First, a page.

What kind of a system do we have at the moment?
It consists of a hotchpotch of overlapping types of provision. There is the state pension; there is the State Earnings-Related Pension Scheme (Serps), which is linked to earnings; there are company pension schemes and there are private ones. Someone could quite easily end up with a slice of pension from each of these sources. Meanwhile, the value of a combined state pension and Serps is expected to fall.
Why was change needed?
All political parties say that reform is necessary. The current system is in a mess. The number of people in retirement, compared to those in work, is rising fast and will continue to do so for the next 30-40 years. The Government argues that it cannot afford the rising cost of state pensions.
While the value of pensions paid on retirement is expected to grow in line with earnings, this will not be shared equally; the richest fifth of pensioners will grab a bigger slice. Poorer pensioners will therefore slip even further behind.
So what is the Government planning to do?
In essence, it will improve retirement incomes for the worst off, those earning below pounds 9,000 a year, while using a mixture of financial incentives and coercion to "persuade" the rest of us to go private.
How will this happen?
In place of the current system, whereby from April a single pensioner receives pounds 66.75 a week and couples get pounds 106.70 basic pension, they will receive Minimum Income Guarantees of pounds 75 a week and pounds 119 a week respectively. At the same time, Serps, which was supposed to underpin the basic pension when it was launched in 1978, will be closed to new entrants, in favour of a new State Second Pension (SSP).
What will the SSP be like?
The SSP will become a flat-rate scheme after five years. In return for National Insurance contributions, those earning pounds 3,300-pounds 9,000 a year will receive a top-up to their basic pension of pounds 50 a week. Carers at home, and the disabled, will receive credits as if they had earnings of pounds 9,000.
While the new SSP will assist those earning below pounds 9,000, the Government hopes to reduce its attractiveness for those earning between pounds 9,000 and pounds 18,500.
Basically, by offering National Insurance rebates to those who opt out of the SSP (the old Serps). Because it will be a flat rate, the benefits of staying in the second-tier pension will taper off to very little the more money you earn.
It will make more sense for people to belong to an employer's occupational pension scheme, as almost 6 million do already. These will receive tax rebates, as at present. Or, people will be able to take out a stakeholder pension.
Ah, stakeholder pensions, Labour's "big idea". How will they work?
The Government says there are about 5 million people earning pounds 9,000-pounds 20,000 a year who do not save for retirement. They will receive generous rebates if they put money into a new stakeholder pension.
Up to pounds 3,600 a year (tax-free) can go into a stakeholder pension, which can be offered by any organisation, including trade unions, financial services companies and employers. Scheme members will be able to make contributions for up to five years after they stop working - a boost to those, mostly women, who take career breaks.
Employers will be required to provide stakeholder pension schemes for their staff, although they don't have to make contributions into one. They will also be allowed to join together, and set up similar schemes based on occupations and trades. But they will have to consult with staff as to which provider to choose.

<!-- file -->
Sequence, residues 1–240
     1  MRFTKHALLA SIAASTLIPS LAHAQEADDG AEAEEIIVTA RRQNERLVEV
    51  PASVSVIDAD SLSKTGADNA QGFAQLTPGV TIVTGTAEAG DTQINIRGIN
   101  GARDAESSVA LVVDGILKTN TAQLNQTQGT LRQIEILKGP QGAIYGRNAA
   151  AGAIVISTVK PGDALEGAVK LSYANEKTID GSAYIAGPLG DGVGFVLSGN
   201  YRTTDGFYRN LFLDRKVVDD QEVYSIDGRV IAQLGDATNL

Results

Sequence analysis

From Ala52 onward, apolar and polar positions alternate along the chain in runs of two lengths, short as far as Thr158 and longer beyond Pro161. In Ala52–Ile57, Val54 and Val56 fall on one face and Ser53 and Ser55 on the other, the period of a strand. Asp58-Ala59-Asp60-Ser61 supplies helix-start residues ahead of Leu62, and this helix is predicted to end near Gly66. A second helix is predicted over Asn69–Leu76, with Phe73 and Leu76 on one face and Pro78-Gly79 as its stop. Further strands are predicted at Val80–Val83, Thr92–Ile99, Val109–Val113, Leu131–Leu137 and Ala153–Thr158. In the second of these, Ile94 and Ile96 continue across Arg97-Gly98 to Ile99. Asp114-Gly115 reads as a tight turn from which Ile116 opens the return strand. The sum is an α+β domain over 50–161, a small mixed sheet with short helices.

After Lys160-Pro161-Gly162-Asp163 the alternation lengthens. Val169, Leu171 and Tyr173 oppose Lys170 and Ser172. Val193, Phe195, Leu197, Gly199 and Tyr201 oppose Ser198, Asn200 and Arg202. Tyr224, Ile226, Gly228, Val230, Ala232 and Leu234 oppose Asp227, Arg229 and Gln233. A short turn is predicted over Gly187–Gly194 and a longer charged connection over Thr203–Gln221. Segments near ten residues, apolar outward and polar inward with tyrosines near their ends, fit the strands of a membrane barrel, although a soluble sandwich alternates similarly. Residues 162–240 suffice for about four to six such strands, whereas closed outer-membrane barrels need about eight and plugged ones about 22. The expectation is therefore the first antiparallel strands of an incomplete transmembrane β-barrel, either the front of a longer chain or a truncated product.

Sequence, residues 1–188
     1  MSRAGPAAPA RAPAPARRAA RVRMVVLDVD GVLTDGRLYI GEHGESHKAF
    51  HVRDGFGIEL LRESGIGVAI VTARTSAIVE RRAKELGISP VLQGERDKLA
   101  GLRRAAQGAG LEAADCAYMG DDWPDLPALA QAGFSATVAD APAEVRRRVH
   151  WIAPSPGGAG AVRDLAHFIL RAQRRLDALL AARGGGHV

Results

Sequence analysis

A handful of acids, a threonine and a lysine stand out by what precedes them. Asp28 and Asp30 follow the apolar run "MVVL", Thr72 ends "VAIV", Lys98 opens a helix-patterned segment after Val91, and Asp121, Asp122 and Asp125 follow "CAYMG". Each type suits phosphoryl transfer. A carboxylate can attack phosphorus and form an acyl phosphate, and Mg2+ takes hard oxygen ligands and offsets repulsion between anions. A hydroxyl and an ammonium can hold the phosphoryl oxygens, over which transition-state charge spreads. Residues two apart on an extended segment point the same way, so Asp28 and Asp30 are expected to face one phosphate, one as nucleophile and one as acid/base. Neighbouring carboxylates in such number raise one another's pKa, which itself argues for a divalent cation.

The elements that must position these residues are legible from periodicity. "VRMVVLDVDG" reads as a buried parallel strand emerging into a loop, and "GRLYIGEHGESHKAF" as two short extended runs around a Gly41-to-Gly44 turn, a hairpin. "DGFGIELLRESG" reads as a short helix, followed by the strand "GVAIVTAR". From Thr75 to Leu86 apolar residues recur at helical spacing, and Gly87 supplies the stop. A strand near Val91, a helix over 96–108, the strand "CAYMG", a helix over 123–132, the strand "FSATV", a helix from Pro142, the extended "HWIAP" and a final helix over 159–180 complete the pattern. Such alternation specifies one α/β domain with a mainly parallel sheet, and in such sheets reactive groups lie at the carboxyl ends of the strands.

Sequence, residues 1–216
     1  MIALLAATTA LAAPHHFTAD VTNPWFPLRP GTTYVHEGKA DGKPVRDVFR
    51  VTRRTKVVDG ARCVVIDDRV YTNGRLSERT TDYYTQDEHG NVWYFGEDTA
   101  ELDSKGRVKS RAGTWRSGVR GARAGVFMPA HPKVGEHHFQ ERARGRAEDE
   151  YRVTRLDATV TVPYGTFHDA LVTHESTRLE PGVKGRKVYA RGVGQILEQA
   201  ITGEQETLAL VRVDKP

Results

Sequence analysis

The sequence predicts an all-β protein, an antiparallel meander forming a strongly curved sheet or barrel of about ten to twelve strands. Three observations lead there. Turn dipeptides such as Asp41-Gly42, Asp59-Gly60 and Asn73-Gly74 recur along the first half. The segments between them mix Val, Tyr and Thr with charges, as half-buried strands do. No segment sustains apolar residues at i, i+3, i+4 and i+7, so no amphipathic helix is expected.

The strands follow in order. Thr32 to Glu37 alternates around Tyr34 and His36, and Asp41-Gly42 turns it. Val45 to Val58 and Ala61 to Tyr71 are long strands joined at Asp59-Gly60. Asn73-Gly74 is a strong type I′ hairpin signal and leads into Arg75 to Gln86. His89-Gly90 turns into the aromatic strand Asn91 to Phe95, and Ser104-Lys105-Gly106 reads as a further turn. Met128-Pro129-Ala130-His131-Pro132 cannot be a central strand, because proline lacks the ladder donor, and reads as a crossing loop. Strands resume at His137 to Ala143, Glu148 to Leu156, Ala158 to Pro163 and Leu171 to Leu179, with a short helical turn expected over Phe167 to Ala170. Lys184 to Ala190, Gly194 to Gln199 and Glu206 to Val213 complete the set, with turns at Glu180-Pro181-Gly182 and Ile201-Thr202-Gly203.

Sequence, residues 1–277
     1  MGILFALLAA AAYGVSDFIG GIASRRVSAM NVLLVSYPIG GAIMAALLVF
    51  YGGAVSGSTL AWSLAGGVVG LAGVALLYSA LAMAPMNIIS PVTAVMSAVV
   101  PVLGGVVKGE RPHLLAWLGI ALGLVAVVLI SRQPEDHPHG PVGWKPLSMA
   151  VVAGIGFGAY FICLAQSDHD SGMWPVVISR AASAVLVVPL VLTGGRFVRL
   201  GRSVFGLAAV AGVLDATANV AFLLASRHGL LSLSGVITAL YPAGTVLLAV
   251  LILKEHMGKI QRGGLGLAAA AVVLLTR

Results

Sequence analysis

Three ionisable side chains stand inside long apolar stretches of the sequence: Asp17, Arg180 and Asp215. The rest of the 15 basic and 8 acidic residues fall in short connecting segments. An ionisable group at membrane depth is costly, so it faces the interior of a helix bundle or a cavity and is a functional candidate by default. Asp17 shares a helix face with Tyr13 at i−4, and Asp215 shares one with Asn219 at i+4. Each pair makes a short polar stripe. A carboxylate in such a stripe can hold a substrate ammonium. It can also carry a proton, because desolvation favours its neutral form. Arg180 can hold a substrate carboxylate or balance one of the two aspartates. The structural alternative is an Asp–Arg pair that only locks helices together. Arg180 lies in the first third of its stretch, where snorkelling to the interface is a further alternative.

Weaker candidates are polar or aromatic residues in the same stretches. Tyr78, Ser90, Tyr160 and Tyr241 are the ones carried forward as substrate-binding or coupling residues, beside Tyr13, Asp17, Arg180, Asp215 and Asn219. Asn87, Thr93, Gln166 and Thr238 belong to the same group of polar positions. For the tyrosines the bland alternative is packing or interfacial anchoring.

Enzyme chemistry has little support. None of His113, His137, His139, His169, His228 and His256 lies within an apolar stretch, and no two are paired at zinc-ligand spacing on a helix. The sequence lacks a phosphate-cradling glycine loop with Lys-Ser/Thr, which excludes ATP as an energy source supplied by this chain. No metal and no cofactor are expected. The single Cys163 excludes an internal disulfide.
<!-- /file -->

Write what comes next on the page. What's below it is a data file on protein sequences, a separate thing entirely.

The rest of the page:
Why will stakeholder schemes be better than occupational schemes?
Employers will still be able to offer occupational schemes - and if they do, they don't have to offer a stakeholder pension. Occupational schemes will be better for many employees - particularly those whose contributions are likely to be above pounds 3,600, the maximum payable into a stakeholder scheme. For those likely to pay in below this threshold, and part-time or temporary workers, stakeholder schemes may be better - as long as employers contribute.
The Government suggests that in such cases, employers may want to have a two-tier system, offering both schemes side by side. Depending on your earnings, it will make sense to belong to one or the other.
Will they be better than personal pensions?
Here, the Government argues that stakeholder schemes will be vastly superior. In common with personal pensions, they will be money-purchase arrangements.
They will be simple to understand and subject to tight regulatory controls - much cheaper than existing personal pension contracts - and you won't have to pay for "advice" when taking one out.
Stakeholder schemes ought to replace personal pensions for most people earning less than pounds 20,000 a year. But for people earning more, the picture changes.
Mainly because of the pounds 3,600 cap on contributions. The more you earn, the more you need to pay to ensure a proportional income in retirement. Moreover, as you become older, the proportion of income you ought to place in a pension scheme grows. Personal pensions, if cheap, will still offer good value.
So what should I do now?
The Government's proposals are still at the consultation stage. Even so, there's no sense in waiting until stakeholder pensions are introduced: that will take at least a couple of years, and you need to save now.
However, it is highly likely that you will want to transfer your personal pension into a stakeholder one, so you need to find one where the up-front costs are virtually negligible. More on this at a later date.
What if I already have a personal pension?
In some cases, the way charges have already been levied on your contract may not make it worthwhile to transfer. We will discuss this in more detail at a later stage.